The biggest tyres can be are 50mm bigger than standard but that height is taken into account with the overall height too.

    2. all vehicles have a eye brow height which is the distance from the centre of the wheel to bottom of wheel arch, obtain that height from dept of transport and go from there, wheels must be inside guards and if not put some flares on, also check if tracking has been affected this would also make it illegal for wa.

  2. There should be one set of rules and one registration nationally. This state by state stuff is bullshit and confusing. We may have a large land mass but we only have a population of appropriately 27M.

  3. I wish the other states would catch up with WA one look at the Patrol no mud flaps no bumper wiring for trailer plug untidy so you would be right in thinking that theirs a fair chance that the rest of the vehicle would be maintained the same NOT

  4. I say Book em Daniel !
    Honestly don`t see the point ?
    If you want to drive around in a tractor at least buy a decent one – perhaps John Deere can help?

  5. It is amazing how many un-roadworthy 4×4’s are getting around … Daily you see tyres sticking out way past the guards – worst I’ve seen was 100mm, and I’m talking suburban Melbourne roads.

    Do the drivers actually realise that if they have an accident in an UNroadworthy car they actually have NO INSURANCE COVER !! There is fine print in insurance policies that states your vehicle MUST be in a good state of repair and roadworthy.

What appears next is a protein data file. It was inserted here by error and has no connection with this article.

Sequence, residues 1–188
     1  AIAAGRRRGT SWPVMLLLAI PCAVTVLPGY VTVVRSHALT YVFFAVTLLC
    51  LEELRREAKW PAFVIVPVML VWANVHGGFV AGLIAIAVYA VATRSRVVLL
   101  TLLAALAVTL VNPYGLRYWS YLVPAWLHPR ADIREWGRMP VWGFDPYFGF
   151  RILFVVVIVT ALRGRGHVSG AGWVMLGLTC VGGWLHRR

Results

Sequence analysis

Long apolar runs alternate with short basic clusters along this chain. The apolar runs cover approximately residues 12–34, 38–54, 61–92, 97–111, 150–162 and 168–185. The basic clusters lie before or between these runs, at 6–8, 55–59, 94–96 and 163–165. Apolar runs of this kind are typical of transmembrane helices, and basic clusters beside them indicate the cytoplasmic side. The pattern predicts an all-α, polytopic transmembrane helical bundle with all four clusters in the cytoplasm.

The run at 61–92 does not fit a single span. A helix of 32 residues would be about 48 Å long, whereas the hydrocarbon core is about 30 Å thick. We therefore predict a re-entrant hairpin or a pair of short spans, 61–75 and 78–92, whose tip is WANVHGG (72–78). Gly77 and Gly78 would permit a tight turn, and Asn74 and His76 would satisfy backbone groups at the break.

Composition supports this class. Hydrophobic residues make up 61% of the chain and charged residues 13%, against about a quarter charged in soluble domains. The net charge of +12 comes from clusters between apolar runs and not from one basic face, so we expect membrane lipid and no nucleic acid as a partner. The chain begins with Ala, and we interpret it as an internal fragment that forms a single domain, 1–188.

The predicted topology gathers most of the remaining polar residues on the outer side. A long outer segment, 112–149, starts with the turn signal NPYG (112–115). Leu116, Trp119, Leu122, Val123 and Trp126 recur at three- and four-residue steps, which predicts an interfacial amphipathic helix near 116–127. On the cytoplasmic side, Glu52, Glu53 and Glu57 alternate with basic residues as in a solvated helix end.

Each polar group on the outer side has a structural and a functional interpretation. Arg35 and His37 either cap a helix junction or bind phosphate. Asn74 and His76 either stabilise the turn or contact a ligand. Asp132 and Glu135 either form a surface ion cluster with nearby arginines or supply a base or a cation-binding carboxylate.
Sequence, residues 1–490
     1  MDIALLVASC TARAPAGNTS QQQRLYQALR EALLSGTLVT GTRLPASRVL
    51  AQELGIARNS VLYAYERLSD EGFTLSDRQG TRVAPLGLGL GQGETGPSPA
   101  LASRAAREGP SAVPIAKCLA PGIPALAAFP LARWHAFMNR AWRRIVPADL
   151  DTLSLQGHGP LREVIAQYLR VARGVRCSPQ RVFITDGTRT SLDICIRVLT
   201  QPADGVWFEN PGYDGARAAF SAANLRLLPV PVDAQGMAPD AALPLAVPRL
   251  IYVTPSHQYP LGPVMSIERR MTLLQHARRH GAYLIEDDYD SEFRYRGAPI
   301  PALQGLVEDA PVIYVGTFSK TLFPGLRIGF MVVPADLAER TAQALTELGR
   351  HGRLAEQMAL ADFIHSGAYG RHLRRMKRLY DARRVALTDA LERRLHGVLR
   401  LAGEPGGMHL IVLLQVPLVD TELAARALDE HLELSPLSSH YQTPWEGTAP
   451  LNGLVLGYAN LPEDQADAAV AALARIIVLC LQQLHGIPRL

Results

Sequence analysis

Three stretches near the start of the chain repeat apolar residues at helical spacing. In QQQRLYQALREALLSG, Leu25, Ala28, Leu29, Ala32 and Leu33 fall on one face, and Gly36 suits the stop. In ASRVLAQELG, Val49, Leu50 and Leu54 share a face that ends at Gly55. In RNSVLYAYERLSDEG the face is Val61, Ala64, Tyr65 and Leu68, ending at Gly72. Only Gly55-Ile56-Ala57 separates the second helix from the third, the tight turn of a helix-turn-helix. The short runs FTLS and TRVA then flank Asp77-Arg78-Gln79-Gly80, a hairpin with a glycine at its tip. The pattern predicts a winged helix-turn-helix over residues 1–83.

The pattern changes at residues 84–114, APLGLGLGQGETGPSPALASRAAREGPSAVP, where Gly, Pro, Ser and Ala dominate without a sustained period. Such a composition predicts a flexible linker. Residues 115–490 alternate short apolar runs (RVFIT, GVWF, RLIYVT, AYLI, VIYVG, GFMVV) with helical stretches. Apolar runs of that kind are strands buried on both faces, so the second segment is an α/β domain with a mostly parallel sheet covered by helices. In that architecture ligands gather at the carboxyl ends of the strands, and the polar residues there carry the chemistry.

6. If a vehicle has been engineered for 35″ tyres, or larger for that matter, then it is ridiculous to ban them. If such was not safe then engineering approval simply would not be made. With regard to the WA police post – If 35″ (or larger) tyres are not suitable for ‘their’ roads then they had better get busy writing defect notices for all those heavy vehicles running all over the state.
    It is hard to understand the protracted thinking about light bars by bureaucrats in ‘nanny states’ like NSW. Surely, if a light bar is properly wired up to operate when high beam is in operation, and only when the isolation switch is in the ‘on’ position, then it can only add to night time driving safety! If spot lights are allowed, on the bull bar and on the roof rack, then logically so should light bars be allowed. It really is way past time for a National Code of Practise to be implemented.

  7. It’s a pity the states can’t get their act together & standardise their laws.
    Most of us would cross state borders on our trips, we can be picked up for an infringement in one state innocently which may not be illegal in our own-might as well stay home instead of visiting places interstate, save some money but put a dent in interstate tourism.

  8. I am a hundred percent with light bars on vehicles , totally a FULL safety feature , that i believe should be mandatory, to all vehicles that travel in the bush.
    A few years back just on 8 , i had a fairly good accident hitting a cow on the highway , i stand firm by if i had better lighting that includes the factory fitted spotlights on my patrol those are useless ,8 years ago things just might have been differant , such as 16 operations and 8 years later im stuffed , i cant work or enjoy my hobbies or life much at all now , all because some bloody idiot dos’nt know how to shut gates ,